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Abstract

 

This article in JEQ

  1. Vol. 37 No. 6, p. 2256-2263
     
    Received: Jan 26, 2008
    Published: Nov, 2008


    * Corresponding author(s): Cynthia.Winkworth@zoology.otago.ac.nz
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doi:10.2134/jeq2008.0045

Recently Planted Vegetation Strips Reduce Giardia Runoff Reaching Waterways

  1. Cynthia L. Winkworth *,
  2. Christoph D. Matthaei and
  3. Colin R. Townsend
  1. Dep. of Zoology, Univ. of Otago, 340 Great King Street, Dunedin, 9054, New Zealand

Abstract

Current methods for tracking pathogens across farmland and into surrounding waterways via runoff are limited and typically have been developed using artificially created landscapes. No studies have investigated how Giardia in farm runoff moves across the landscape, despite high prevalence rates in dairy cattle (Bos taurus) worldwide. Here, we report the development of a field-based tracking method specific for Giardia movement in runoff and use this technique to compare the pathogen reduction capability of recently planted vegetation strips with bare soil strips cleared of vegetation. Such scenarios represent typical events in schemes to plant vegetation barriers aimed at reducing waterway contamination. A significant treatment effect was identified, with 26% fewer Giardia detected in runoff collected from the planted strip (P = 0.006). These results highlight the immediate benefit of pathogen removal to be gained from vegetation planting. The successful discrimination of treatment effects by this new technique will enable the assessment of different vegetation types on runoff reduction and the effects of plant development over time.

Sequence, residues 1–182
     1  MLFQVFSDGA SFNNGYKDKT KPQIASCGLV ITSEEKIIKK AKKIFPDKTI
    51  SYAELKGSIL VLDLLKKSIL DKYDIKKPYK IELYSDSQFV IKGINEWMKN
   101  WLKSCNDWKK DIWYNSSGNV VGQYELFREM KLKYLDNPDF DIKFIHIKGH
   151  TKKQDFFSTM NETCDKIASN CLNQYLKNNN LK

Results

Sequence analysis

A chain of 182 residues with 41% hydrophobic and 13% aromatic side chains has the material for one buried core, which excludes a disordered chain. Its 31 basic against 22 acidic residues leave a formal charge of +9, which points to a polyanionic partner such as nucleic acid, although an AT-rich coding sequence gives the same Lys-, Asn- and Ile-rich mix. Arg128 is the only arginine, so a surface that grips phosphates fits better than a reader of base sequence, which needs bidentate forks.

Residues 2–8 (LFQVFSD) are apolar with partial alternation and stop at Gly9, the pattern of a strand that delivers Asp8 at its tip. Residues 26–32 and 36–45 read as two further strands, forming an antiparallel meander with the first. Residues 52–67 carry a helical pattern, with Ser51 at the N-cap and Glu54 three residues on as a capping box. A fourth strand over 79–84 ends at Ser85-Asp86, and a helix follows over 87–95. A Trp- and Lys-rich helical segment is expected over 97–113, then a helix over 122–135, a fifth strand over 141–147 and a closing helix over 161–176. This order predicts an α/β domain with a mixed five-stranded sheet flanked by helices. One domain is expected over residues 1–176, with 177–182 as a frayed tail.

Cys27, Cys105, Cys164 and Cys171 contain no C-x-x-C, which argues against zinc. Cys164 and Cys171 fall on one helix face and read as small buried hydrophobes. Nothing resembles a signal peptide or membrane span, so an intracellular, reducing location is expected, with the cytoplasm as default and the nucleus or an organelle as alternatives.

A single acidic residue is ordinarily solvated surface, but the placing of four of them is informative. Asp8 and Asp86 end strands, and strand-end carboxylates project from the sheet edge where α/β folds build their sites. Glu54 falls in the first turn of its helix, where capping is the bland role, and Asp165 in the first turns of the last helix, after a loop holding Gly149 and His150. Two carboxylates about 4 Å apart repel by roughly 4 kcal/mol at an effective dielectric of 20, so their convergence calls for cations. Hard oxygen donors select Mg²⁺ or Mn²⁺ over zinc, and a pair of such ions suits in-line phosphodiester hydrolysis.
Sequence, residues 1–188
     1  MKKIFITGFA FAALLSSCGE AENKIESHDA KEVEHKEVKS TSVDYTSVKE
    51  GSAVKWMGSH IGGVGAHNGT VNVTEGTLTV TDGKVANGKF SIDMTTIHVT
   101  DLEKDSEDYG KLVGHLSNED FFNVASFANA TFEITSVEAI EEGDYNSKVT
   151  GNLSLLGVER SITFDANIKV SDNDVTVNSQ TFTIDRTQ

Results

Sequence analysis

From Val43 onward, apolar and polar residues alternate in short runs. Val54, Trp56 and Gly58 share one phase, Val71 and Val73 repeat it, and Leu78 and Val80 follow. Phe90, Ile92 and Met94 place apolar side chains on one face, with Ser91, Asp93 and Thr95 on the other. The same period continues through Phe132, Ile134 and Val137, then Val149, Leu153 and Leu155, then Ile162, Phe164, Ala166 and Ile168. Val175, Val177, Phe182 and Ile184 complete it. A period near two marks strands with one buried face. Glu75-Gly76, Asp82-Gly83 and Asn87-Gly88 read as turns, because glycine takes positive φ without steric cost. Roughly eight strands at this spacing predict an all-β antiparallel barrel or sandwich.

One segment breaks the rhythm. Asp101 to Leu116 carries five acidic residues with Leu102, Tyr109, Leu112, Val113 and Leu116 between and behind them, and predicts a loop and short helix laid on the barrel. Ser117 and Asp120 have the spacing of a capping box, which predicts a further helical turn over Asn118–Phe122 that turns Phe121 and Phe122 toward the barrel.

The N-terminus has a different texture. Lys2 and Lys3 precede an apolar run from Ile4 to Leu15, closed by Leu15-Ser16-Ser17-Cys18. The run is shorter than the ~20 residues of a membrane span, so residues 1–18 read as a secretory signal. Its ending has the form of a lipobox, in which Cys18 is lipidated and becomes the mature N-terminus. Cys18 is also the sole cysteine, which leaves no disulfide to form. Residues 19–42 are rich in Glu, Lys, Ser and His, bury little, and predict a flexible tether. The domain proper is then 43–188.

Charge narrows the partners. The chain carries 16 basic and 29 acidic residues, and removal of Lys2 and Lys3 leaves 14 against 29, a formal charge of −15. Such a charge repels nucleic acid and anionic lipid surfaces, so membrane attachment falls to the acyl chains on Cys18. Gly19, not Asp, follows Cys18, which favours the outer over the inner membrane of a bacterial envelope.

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Copyright © 2008. American Society of Agronomy, Crop Science Society of America, Soil Science SocietyAmerican Society of Agronomy, Crop Science Society of America, and Soil Science Society of America